This weekend marks the anniversary of what could in effect be said to be the last chapter of the Brontë story, yet the year in which it occurred is much nearer than you might imagine: 1906. On 2nd December of that year, Arthur Bell Nicholls died in Banagher, County Offally. He was the widower of Charlotte Brontë, and Arthur’s death marked the last passing of one who was central to the Brontë legend. He remarried faithful to the memory of his wife long after her passing, and his Hill House home became almost a shrine to Charlotte and her family, as we shall see in today’s post.
After Charlotte’s untimely and tragic death in 1855, Arthur returned to his Irish homeland – to Banagher, the town in which he had been raised by his uncle Dr. Alan Bell alongside his younger cousin Mary Anna. Arthur and Mary, 11 years his junior, were very close, and Charlotte sang her praises after meeting her during her 1854 honeymoon:
‘The other cousin [Mary Anna] was a pretty lady-like girl with gentle English manners. They accompanied us last Friday down to Banagher – his Aunt’s – Mrs. Bell’s residence, where we are now… In this house Mr. Nicholls was brought up by his uncle Dr. Bell… The male members of this family – such as I have seen seem thoroughly educated gentlemen. Mrs. Bell is like an English or Scottish matron quiet, kind and well-bred – it seems she was brought up in London. Both her daughters are strikingly pretty in appearance – and their manners are very amiable and pleasing. I must say I like my new relations.’
After his return to Ireland Arthur found solace in the company of Mary, and in 1864 they married. It seems to me that this was a marriage of convenience; they had been brought up, in effect, as brother and sister, and Arthur remained devoted to Charlotte throughout his life, seemingly without a hint of jealousy from his second wife. We know this from a number of accounts from people who visited Arthur in Banagher, including from Clement King Shorter, the Brontë biographer who became President of the Brontë Society, but was in fact a con man who defrauded Ellen Nussey in particular out of numerous Bronte treasures.
I will give an account now, however, of one who knew Arthur and his second wife Mary well – their niece Harriett Bell. In 1927 she gave the following account to Cornhill Magazine:
‘My uncle had very definite and rigid views. I remember as a child hearing a deep groan of disapproval issuing from the Hill House pew when something that was said by the preacher (not my father!) excited his displeasure. Though he retired from the church on account of throat trouble, he was a healthy man. But in his youth a doctor had told him that he had a weak heart, and for the rest of his long life his wife used to detect him every now and then surreptitiously feeling his pulse, much to her quiet amusement!
The Hill House was full of Brontë relics. The drawing-room walls were hung with their wonderful pencil drawings. Old Mr Brontë’s rifle leaned against a corner in the dining-room.
Upstairs was the chair at which Charlotte always kneeled to pray, as did her husband after her death. In a drawer, carefully treasured by my aunt, were the little muslin wedding-dress, small one-buttoned gloves, and the sandalled shoes, just as they had been placed together by Charlotte herself many years before.
The store-room was fragrant with the smell of sponge-cake, made from the recipe of Martha, the maid from Haworth Vicarage, who accompanied Mr Nicholls to Ireland after the death of old Mr Brontë.
The picture of Charlotte Brontë which was left by my uncle to the National Portrait Gallery used to hang in the centre of the drawing room wall, with a table underneath. My aunt’s sofa was beyond the table. Once the portrait fell from the wall, skipped the table, and in some mysterious way fell on Aunt Mary. Luckily, neither she nor the picture suffered, but she thought it a curious incident.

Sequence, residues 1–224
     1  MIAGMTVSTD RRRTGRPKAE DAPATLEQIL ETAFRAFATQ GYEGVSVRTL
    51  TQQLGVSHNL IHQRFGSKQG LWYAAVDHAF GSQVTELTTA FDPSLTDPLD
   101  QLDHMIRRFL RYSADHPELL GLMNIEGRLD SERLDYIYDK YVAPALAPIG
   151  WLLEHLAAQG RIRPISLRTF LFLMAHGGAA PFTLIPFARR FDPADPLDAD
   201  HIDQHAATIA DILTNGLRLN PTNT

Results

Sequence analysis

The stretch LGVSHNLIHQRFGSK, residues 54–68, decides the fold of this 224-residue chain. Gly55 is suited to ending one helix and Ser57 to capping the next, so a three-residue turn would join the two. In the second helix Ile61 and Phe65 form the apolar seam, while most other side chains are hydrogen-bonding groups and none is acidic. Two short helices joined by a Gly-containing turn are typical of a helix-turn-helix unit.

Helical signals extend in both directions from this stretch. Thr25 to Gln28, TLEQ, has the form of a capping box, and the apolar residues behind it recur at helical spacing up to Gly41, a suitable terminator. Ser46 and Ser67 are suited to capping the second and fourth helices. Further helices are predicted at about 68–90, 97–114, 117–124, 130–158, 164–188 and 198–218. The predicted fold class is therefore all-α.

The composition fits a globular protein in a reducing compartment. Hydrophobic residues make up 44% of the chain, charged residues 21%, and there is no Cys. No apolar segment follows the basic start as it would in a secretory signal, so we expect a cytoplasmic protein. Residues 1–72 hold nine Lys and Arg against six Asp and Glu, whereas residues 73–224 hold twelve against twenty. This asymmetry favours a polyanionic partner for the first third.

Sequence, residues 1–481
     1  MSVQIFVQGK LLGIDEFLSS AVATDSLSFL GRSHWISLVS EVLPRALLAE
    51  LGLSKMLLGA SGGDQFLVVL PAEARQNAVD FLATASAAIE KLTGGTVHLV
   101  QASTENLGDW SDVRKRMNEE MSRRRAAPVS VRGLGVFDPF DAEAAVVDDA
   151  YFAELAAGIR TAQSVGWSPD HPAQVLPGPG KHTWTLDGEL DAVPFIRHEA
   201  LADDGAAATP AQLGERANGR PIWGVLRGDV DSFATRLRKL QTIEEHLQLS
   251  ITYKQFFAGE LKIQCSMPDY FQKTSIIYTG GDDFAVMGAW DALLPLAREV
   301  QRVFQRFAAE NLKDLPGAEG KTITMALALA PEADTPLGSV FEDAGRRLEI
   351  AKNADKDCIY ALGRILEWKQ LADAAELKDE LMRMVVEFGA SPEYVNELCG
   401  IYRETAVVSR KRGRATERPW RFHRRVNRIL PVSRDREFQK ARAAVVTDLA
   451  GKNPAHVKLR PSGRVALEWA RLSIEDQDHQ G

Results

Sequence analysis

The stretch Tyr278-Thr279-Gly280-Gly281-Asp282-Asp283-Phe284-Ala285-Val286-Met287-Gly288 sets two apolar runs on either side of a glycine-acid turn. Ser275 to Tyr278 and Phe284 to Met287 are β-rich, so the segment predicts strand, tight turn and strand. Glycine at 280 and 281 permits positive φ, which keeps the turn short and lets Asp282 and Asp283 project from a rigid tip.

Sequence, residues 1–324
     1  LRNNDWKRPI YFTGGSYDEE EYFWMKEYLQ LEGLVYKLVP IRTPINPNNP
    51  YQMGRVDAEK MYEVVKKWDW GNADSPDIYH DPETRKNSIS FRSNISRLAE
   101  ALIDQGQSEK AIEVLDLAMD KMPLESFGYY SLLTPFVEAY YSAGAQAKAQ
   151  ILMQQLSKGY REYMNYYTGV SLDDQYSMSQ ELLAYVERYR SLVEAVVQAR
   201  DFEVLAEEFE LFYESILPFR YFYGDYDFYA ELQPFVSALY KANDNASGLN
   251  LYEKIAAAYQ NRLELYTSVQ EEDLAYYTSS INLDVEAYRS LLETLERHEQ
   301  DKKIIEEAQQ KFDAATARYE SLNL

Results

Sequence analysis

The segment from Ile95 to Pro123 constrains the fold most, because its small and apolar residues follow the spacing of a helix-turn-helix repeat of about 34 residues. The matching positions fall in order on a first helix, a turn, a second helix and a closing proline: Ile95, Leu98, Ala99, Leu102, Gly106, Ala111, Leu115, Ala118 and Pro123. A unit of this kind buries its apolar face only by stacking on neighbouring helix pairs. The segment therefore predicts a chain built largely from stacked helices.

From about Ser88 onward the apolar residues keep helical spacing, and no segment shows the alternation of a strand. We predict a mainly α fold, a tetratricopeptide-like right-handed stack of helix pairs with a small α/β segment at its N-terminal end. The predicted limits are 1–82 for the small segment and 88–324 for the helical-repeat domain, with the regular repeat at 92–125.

After my uncle died she had his coffin brought down and placed beneath the picture. A rough sketch by Branwell Brontë of his sisters was stowed away on the top of an old cupboard. My aunt attached no value to it, as she said it was ‘so bad of the girls’, and was reluctant to its being sent to London after her husband’s death, but it now also hangs in the National Portrait Gallery.’
A fascinating first-hand account that reveals why Arthur quit the church, and what happened to what is now one of the most famous literary portraits of them all: the pillar portrait of the Bronte sisters made by their brother Branwell.
Another relative of Arthur, his great-niece Marjorie Gallop gave the following account of Arthur and his passing:
‘‘With generous loyalty, Mary Nicholls made every room in the house a Brontë shrine. The drawing room was hung with the sisters’ drawings, Mr. Brontë’s gun leaned up against the dining room wall, and Charlotte’s portrait overlooked the sofa on which Mary used to rest. One day it broke away from the wall, missed a table which stood below it, and fell on to Mary. Neither the portrait nor Mary was harmed. When Arthur died, Mary had his coffin placed beneath the portrait until it was carried from the house.’
It took a long time for Charlotte Brontë to find the love of her life: Arthur Bell Nicholls. They were married for far too little a time, a cruel curtailing of the joy Charlotte had yearned for all her life. But it was thanks to Arthur that she knew this happiness. She loved Arthur briefly but deeply, but Arthur’s love for her was going strong into the twentieth century. Let us remember him today. I am thrilled to say that Arthur and Charlotte are being remembered in Banagher. Hill House is now the stunning Charlotte’s Way guesthouse, and yesterday it held the inaugural meeting of a new Irish Brontë Society dedicated to the memory of Charlotte and Arthur. I wish it all the luck in the world, and I wish you to join me here next Sunday for another new Brontë blog post.